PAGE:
'Who brought the message?' Lydia asked, going outside the door to speak with the landlady.
'A little boy,' was the answer. 'I never see him before, as I know.'
Lydia was disturbed. It might only mean that the old man was anxious at not having seen her for five or six days, or that he was ill; but the fact of his living in the Bowers' house suggested another explanation. An answer was required; she sent back word that she would come.
'I shan't be more than half an hour away at the very longest,' she said, when she reluctantly prepared to go out after tea. 'Wouldn't you like to go downstairs just for that time, dear?'
'No, Lyddy, I'll stay.'
Thyrza had left her chair, and stood with her hand resting on the mantel-piece. She did not turn her head.
'How funny you look with your hair like that!'
Thyrza had declined to have her hair braided, and had coiled it herself in a new way. She made no reply.
'Good-bye, pet!' Lydia said, coming near.
Thyrza did not move. She was looking downwards at the fire. Lydia touched her; she started, and, with a steady gaze, said, 'Good-bye, Lyddy!'
'I do wish I hadn't to go. But I shall be very quick.'
They kissed each other, and Lydia hastened on her errand.
Her absence did not last much longer than the time she had set. Mr. Boddy had heard from Mrs. Bower all the story about Egremont. He gave no faith to it, but wished to warn Lydia that such gossip was afloat, and to receive from her an authoritative denial. She declared it to be false from beginning to end. Without a moment's hesitation she did this, having determined that there was no middle course. She denied that Thyrza had been to the library. Whoever originated the story had done so in malice. She enjoined upon him to contradict it without reserve.
She felt as if she were being hunted by merciless beasts. To escape them, any means were justifiable. Of the Bowers she thought with bitter hatred. No wrong to herself could have excited all her fiercest emotions as did this attack upon her sister. Running homewards, she felt the will and the strength to take the life of her enemy. She had entered the Bowers' house, and left it, by the private door; it was well that she had met no one.
She remembered that Thyrza must not discover her excitement, and went up the stairs slowly, regaining breath, trying to smooth her face. A fable to account for Mr. Boddy's summons was ready on her tongue. She entered, and found an empty room.
So Thyrza had gone down to Mrs. Grail after all. That was good. The poor girl was making a brave struggle, and would conquer herself yet. If only Bower's gossip could be kept from Gilbert, But there was still a long time till Monday, still two whole days, and Bower, determined as he evidently was to work mischief, would not neglect the supreme opportunity. It would have been better if Gilbert had not returned to work.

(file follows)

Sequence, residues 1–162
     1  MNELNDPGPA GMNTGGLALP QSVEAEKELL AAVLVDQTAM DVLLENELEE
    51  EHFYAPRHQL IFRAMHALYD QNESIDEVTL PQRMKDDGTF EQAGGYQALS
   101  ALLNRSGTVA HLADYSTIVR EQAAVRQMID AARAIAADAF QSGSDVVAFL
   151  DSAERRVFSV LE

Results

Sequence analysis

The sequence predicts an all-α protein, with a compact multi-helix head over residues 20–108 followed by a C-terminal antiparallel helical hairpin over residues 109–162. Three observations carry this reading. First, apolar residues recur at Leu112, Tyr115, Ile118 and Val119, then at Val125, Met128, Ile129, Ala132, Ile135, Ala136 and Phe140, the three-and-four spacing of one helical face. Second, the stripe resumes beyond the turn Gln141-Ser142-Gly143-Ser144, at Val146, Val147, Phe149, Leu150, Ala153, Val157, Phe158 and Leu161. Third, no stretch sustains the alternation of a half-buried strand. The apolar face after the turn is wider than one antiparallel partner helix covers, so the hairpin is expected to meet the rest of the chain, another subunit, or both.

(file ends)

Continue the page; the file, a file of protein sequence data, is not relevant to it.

She took off her things.
What was that lying on the table? An envelope, a dirty one which had been in the drawer for a long time; on it was written 'Lyddy.' It was Thyrza's writing. Lydia opened it. Inside was a rough piece of white paper, torn off a sheet in which something had been wrapped. It was written upon, and the writing said this:
'I have gone away. I can't marry Gilbert, and I can't tell him the truth. Remember your promise. Some day I shall come back to you, when everything is different. Remember your promise, so that Gilbert can go to the library just the same. No harm will come to me. Good-bye, my dear, dear sister. If you love me you will say you know nothing, so that it will be all right for Gilbert. Good-bye, Lyddy, darling.'
Crushing the paper in her hand, Lydia, just as she was, ran out into the street. It was not yet dark. Instinctively, after one glance towards Kennington Road, she took the opposite way and made for Newport Street. Thyrza would communicate with Totty Nancarrow, if with any one at all; she would not go there at once, but Totty must be won over to aid in discovering the child and bringing her back.
It rained, not heavily, but enough to dew Lydia's hair in a few minutes. Little she thought of that. Thyrza wandering alone-- straying off into some far part of London; Thyrza, ill as she was-- with at most a few pence to procure lodging for this one night-- alone among what dangers! The thought was fire in her brain.
She was in Paradise Street, and someone stood in her way, speaking.
'Lydia! Where ever are you going like that?'
It was Mary Bower. Lydia glared at her.
'How dare you speak to me! I hate you!'
And with a wild gesture, almost a blow at the girl, she rushed on.
Totty had just come in from work. Lydia scarcely waited for a reply to her knock before she burst into the room.
'Totty! Will you help me? Thyrza has left me--gone away. I was out for half an hour. She left a note for me, to say good-bye. Help me to find her! Do you know anything? Can you think where she'd go?'
Totty was on her knees, lighting a fire. In her amazement she made no effort to rise. A lighted piece of paper was in her hand; forgetting it, she let the flame creep on till it burnt her fingers. Then she stood up.
'What does she say in the note?' she asked with deliberation.
Lydia opened her hand and spread out the crumpled paper. She was going to read aloud, but checked herself and looked at the other piteously.
'You know all about it, don't you? Thyrza told you?'